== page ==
It's Not Easy Escaping Ethnic Labels and Expectations
Garza, Oscar, Nieman Reports
In cultural journalism, Latino critics confront a double-edged sword.
Many of my fellow Latino journalists would surely agree that this dual identity--being a journalist and being Latino--is a double-edged sword. And many of us, seeking to establish independence from ethnic identification, use a common defense to create a boundary: I'm not a Latino journalist, I'm a journalist who happens to be Latino.
Oh, that it could be so.
In my 14 years as a print journalist (and, several years prior, working in broadcast journalism), it has been impossible to separate my ethnicity from my profession. Some of this forced coupling comes from a journalistic community that is eager to find reporters and editors who can provide insight into the nation's fastest-growing ethnic group. Some of it comes from an ethnic community--historically--underserved by mainstream media--that expects those who are Latino to use their position to advance its agenda.
But I have learned not to fret about this duality and to accept that it comes with the territory of my chosen profession. And the fact is, if you're a good enough journalist you can control the situation, and the double-edged sword can be used to your advantage. It's happened this way for me.
In 1987, I was heading a nonprofit media arts center in my hometown of San Antonio, Texas. The arts editor at the Hearst-owned San Antonio Light newspaper called to ask if I'd be interested in doing freelance writing. He wanted me to focus on Latino theater and literature. Much to his surprise I turned him down, letting him know that I did not want to be pigeonholed. He asked what would interest me, and I suggested writing a wide-ranging, weekly arts column. He accepted.
Because I was working in a city in which at least half the population was Mexican American, the column was naturally inclusive of that (dare I say, my) community. And yet I retained the freedom to write about subjects where ethnicity or race did not play a role.
It was in this job that I first felt nicks of the double-edged sword: I was initially embraced by a Chicano arts community that had never enjoyed a critical voice representing its interests in the newspaper, and I was criticized by white readers--who comprised the majority of the paper's subscribers--for seemingly being an ethnic apologist. Attitudes changed when I wrote columns that were critical of some Chicano arts institutions and leaders. Then it was my community's turn to wonder whose "side" I was on.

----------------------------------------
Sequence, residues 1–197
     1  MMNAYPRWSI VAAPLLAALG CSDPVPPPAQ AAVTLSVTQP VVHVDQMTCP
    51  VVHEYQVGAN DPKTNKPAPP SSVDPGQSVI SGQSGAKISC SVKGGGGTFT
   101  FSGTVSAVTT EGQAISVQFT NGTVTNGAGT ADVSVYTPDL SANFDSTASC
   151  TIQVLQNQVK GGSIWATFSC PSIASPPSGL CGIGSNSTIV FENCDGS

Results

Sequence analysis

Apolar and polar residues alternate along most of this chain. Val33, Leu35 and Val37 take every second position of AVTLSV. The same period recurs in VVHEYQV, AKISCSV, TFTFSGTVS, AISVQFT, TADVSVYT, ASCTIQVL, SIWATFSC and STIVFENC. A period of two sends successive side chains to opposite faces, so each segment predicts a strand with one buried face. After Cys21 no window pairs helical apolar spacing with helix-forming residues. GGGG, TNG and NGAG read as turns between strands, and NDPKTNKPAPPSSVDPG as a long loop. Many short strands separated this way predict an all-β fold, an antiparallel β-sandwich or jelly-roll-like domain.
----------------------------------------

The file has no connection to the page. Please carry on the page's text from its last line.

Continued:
The freelance column led to a staff job as an arts/entertainment reporter, from which I was promoted to arts editor. In 1989, I was hired as arts editor of the Los Angeles Times edition in San Diego. I didn't write a column in San Diego, but I reviewed both the visual and performing arts events. One review in particular exemplifies the duality of being an ethnic journalist: An African-American husband/wife team of theater artists brought their show to town. They were talented, seasoned performers, but I found some of their material predictable and unoriginal. I wrote this in my review.
Some months later, I had a conversation with an acquaintance who worked at a government arts agency. He told me that my review had caused some rumblings. Chuckling, he said something to the effect of, "Man, you were tough on them." The implication was that it was rare, if not unheard of, for a journalist of color to be critical of artists of color. That kind of response to my review simply speaks to the paucity of ethnic journalists who are cultural critics. (More on that later.) Look at it this way: When was the last time a white critic was told, "Man, you were tough on those white artists?"
In the spring of 1990, I came to Los Angeles as an assistant editor in Calendar--the Times's arts and entertainment section. Here, all these issues related to being a Latino journalist have crystallized. While not my home, this city feels familiar. …